NexTV Africa & Middle East

Complete News World

There are more dictatorships than democracies in the world for the first time in 20 years

There are more dictatorships than democracies in the world for the first time in 20 years

Every year, the Institute for Types of Democracy at the University of Gothenburg measures the state of democracy in the world. In recent years, we have seen a decline as more and more people live under dictatorial regimes and more and more countries experience a decline in democracy. This year’s report shows that the world has not been more anti-democratic in 35 years.

– The level of democracy for the average world citizen in 2022 is back to the level of 1986. This means that 72 percent of the world’s population, 5.7 billion people, live under authoritarian rule, says Professor Staffan I. Lindberg, director of the V-Dem Institute at press release.

Democracy is in decline particularly in the Pacific region, Eastern Europe, Central Asia, and Latin America and the Caribbean. Authoritarianism, as it is called, is generally unleashed when authoritarian movements gain direct influence over government policy, according to researchers, with the dismantling of free media, civil society, independent organizations, and the judiciary.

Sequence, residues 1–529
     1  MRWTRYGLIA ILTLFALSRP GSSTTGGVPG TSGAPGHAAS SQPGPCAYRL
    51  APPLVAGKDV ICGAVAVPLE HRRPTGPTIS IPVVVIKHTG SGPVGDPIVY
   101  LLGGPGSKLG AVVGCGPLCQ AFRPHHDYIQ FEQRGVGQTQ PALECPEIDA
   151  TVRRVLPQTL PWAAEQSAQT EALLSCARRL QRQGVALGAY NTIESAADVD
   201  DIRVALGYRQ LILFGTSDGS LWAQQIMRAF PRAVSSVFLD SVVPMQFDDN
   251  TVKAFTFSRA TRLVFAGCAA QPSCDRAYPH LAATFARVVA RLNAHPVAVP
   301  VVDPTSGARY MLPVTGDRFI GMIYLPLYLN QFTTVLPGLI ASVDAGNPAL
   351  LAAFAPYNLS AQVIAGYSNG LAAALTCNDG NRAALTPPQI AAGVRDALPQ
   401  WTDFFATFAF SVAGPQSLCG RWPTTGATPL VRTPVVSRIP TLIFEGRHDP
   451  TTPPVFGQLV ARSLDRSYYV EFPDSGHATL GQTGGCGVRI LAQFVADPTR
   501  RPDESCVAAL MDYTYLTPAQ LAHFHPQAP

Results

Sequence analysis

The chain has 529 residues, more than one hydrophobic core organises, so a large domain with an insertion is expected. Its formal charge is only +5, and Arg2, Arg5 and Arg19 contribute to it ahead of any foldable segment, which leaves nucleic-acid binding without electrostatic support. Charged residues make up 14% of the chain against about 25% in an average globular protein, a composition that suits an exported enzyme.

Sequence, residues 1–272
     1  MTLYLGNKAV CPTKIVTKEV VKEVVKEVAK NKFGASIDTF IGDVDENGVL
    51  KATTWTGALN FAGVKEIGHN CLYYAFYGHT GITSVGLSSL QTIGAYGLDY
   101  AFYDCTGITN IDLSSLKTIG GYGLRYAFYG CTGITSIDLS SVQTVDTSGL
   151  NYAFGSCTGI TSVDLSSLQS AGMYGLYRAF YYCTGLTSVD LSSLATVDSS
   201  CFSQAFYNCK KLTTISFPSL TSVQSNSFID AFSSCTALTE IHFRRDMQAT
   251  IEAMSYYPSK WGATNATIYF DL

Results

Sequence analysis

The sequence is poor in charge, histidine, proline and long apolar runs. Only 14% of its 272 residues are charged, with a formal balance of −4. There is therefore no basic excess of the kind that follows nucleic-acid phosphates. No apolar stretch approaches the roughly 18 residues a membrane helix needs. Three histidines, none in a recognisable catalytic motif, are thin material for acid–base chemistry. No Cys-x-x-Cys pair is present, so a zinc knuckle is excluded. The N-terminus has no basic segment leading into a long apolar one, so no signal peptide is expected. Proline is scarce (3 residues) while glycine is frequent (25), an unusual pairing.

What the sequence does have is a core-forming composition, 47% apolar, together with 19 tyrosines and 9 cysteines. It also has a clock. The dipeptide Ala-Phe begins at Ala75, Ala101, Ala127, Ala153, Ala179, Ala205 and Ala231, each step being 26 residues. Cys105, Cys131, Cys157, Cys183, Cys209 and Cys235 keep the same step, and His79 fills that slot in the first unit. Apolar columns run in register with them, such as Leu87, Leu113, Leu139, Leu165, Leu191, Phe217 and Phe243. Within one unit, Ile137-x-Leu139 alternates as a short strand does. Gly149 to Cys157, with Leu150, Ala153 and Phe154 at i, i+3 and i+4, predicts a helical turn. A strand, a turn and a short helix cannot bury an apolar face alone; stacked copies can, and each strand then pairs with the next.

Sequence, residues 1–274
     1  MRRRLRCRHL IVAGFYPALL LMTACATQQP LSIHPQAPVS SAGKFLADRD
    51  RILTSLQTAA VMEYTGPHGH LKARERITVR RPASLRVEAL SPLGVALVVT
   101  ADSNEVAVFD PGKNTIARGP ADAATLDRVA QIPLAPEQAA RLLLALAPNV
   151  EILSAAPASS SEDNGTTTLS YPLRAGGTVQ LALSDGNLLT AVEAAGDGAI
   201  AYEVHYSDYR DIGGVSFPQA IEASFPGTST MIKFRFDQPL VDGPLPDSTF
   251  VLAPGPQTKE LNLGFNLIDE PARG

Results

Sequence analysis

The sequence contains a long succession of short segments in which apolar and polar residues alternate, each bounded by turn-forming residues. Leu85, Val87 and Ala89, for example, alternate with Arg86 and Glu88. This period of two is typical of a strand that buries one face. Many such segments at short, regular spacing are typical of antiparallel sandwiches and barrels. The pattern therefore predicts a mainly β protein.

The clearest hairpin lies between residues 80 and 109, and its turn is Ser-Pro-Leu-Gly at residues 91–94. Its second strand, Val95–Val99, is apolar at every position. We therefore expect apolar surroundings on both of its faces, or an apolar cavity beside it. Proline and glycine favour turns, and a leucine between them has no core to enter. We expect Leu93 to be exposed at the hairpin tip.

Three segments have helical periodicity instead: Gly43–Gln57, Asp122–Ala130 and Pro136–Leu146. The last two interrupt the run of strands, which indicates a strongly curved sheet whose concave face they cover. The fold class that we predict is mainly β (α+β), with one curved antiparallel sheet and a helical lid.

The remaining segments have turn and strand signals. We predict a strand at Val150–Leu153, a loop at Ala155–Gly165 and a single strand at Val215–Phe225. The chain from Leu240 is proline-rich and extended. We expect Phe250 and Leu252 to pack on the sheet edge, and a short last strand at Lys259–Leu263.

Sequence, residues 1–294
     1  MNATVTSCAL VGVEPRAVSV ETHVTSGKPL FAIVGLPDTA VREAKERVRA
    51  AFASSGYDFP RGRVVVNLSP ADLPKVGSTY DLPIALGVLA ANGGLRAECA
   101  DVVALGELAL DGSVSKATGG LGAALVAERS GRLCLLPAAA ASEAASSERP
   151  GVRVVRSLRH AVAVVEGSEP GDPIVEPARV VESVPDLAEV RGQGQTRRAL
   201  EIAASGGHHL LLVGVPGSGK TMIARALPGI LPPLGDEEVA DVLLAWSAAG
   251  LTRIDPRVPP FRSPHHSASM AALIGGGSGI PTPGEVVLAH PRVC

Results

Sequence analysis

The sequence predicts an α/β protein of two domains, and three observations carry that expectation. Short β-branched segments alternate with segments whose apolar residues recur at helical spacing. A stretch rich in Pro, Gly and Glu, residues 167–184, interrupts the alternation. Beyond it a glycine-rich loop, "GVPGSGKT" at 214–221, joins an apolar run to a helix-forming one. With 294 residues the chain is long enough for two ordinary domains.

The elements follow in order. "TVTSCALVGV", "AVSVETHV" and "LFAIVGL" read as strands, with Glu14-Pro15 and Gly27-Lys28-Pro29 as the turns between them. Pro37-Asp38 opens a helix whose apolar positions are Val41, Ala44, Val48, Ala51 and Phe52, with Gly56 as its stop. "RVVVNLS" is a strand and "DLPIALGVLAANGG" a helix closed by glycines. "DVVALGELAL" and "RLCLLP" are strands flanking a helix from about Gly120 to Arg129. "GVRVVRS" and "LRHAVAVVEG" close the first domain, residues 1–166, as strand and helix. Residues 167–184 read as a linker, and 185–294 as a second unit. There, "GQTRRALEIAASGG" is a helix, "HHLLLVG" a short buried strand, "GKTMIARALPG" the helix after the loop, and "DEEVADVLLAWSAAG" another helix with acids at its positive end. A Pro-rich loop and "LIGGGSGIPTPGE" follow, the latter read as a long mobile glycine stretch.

There are some flashes of light

For the first time in two decades, the world now has more dictatorships than liberal democracies. Today, 2.2 billion people live under pure dictatorships, compared to 1 billion people living in liberal democracies.

But there are also countries emerging from long periods of democratic disintegration, according to the report: Bolivia, Moldova, Ecuador, Maldives, North Macedonia, Slovenia, South Korea and Zambia.

The fact that eight countries are transitioning from authoritarian regimes to democracies is gratifying for democracy. It is rare to see countries return to democratic rule. What the countries have succeeded in, among other things, is bringing about a pro-democracy mobilization, re-establishing an independent legal system, overthrowing authoritarian leaders, introducing free and fair elections, working to reduce corruption and, most recently, having a well-functioning civil society. Just some of the components that we Swedes believe democracy should contain, says Staffan Lindberg.

See also  Atmospheric river causes heavy rain in Canada

Also read: Violent protests against Israeli legal reform

Also read: The starting shot goes to Hungary’s NATO decision

Want to learn more about how GP works with good journalism? Read our ethical code here.